pale the wall.
Love moves away.
The light changes.
I need more grace
than I thought.
Me: I am a little bit frozen today. Sick, passing in and out of sleep all morning, waking to the strange half light of colorless sky. Yesterday things fell apart. I realize I am not someone who can expose herself safely, here, or elsewhere. Exposure wounds me. This is harder than I thought. Dealing with it once seemed okay, but the second time seems stale and rotten. There is a soreness to it. As though no redemption lives here, with me. Instead, I close my eyes and sleep. I tell my husband to get movies and tea and yogurt. I come down with a hideous cold. Dizzy, I dream of strange things: a dog without its front paws that my aunt won't let me keep, a cousin who gets pregnant and gives away the babies, the movie we watched last night. Days when I can't move, I spend my waking hours nervous about not getting things done. I don't like this about myself—life cannot be one big list of things to do.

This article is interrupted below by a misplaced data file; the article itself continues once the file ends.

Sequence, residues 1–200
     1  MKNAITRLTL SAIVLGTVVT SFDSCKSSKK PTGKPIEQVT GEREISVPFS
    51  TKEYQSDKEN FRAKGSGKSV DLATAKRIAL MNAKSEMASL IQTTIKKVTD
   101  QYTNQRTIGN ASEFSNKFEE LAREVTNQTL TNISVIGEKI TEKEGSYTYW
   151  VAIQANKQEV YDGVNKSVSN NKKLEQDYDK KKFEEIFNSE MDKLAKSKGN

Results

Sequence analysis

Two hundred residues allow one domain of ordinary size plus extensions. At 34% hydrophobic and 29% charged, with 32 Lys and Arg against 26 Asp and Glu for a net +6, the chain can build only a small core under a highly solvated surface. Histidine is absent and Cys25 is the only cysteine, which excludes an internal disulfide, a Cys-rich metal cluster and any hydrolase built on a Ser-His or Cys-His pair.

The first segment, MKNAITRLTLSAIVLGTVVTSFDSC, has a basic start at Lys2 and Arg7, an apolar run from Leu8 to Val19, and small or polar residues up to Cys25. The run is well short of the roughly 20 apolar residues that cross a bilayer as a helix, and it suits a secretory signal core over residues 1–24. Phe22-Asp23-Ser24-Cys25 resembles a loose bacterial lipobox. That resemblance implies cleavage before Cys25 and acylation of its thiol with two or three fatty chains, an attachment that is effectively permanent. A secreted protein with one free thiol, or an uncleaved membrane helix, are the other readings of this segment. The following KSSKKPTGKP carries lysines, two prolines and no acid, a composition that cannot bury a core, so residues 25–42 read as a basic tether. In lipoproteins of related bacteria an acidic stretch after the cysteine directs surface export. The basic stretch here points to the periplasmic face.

Still, I dream about living in the woods, in the mountains, and wish the traffic outside would quiet. I am learning something about patience, something about acceptance, something about loving, and something about grace. Grace is a reprieve, a gift given, but perhaps we must be willing accept it, open to it. Patience and acceptance are practiced actions. Loving, remains illusive and yet fully present even if we are not aware.
I dream of a river that flows near the house where I stand in the yard and hang sheets on the line. Little sparrows dip and flutter. I dream of river stones that I find and skip. I dream of the shallow light of dusk, the smell of spring, birds, always birds. I dream of children, their blond heads and laughter.
(the Connecticut River, Southern Vermont)